“I don’t know if I continue, even today, always liking myself. But what I learned to do many years ago was to forgive myself. It is very important for every human being to forgive herself or himself because if you live, you will make mistakes – it is inevitable. But once you do and you see the mistake, then you forgive yourself and say, ‘Well, if I’d known better, I’d have done better’. That’s all. So you say to people who you think you may have injured, ‘I’m sorry,’ and then you say to yourself, ‘I’m sorry.’ If we all hold on to the mistake, we can’t see our own glory in the mirror because we have the mistake between our faces and the mirror; we can’t see what we’re capable of being. You can ask forgiveness of others, but in the end the real forgiveness is in one’s own self. I think that young men and women are so caught by the way they see themselves. Now mind you, when a larger society sees them as unattractive, as threats, as too black or too white or too poor or too fat or too thin or too sexual or too asexual, that’s rough. But you can overcome that. The real difficulty is to overcome how you think about yourself. If we don’t have that we never grow, we never learn, and sure as hell we should never teach.”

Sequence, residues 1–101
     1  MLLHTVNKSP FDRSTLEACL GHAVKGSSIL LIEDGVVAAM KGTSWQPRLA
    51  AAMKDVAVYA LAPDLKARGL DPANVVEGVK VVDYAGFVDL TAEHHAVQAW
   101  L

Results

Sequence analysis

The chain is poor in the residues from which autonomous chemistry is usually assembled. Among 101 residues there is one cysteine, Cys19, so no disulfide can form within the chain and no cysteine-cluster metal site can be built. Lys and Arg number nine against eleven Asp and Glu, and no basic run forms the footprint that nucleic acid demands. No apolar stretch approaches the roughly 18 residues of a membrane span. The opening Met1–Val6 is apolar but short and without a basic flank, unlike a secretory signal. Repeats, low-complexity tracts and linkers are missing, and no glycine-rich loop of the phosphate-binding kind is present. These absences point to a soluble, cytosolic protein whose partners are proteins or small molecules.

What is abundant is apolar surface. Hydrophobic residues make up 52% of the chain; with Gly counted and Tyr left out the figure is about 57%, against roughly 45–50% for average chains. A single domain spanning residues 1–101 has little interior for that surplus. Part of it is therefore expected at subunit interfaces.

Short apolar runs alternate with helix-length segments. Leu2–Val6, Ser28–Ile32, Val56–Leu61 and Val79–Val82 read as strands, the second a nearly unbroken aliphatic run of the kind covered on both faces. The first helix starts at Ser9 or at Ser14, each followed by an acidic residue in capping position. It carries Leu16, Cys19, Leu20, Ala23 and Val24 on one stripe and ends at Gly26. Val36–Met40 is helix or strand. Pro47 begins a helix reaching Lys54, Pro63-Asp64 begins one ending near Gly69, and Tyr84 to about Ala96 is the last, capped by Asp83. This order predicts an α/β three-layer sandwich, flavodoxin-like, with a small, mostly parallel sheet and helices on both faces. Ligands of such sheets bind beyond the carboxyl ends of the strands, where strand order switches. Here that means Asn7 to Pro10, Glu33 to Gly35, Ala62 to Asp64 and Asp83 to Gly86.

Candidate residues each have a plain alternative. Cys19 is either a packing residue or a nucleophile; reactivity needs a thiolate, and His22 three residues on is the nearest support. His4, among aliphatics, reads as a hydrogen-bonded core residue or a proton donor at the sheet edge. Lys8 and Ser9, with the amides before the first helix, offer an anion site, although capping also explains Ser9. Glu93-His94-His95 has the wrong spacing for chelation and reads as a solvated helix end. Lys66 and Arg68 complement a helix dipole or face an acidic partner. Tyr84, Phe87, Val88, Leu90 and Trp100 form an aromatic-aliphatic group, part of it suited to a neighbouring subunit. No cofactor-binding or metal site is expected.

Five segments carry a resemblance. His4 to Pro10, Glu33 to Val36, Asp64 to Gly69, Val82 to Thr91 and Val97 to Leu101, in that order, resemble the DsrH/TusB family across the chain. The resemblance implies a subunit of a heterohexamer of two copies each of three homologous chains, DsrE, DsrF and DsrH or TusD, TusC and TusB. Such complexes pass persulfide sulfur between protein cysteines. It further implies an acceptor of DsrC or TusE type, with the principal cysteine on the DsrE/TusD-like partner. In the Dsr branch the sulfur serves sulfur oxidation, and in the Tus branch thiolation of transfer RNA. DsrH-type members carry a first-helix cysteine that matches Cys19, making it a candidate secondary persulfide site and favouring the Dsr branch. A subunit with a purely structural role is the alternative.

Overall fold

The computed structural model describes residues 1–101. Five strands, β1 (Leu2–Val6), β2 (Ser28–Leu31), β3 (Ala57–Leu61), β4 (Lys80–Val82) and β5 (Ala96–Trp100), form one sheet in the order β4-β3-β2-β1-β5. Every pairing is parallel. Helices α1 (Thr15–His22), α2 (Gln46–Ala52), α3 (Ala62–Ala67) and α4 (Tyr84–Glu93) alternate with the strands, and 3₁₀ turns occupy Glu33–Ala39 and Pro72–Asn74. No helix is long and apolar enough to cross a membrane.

This feels invaluable. Maya’s understanding of forgiveness – of self or another – does not involve saying things were/are okay. It may (in the case of self) involve words/acts of reparation, and certainly includes an acceptance of personal responsibility. It may (in the case of another) involve withdrawal from ongoing relationship, if the relationship is harmful or not conducive to growth.
Maya focuses on what we need to do, in order to be able to move on and open to new growth. Hers is a compassionate and enhancing approach to accountability – in place of the circular, harm-perpetuating, shame-and-blame witch hunt so prevalent in our culture.
Palace Gate Counselling Service, Exeter
Counselling Exeter since 1994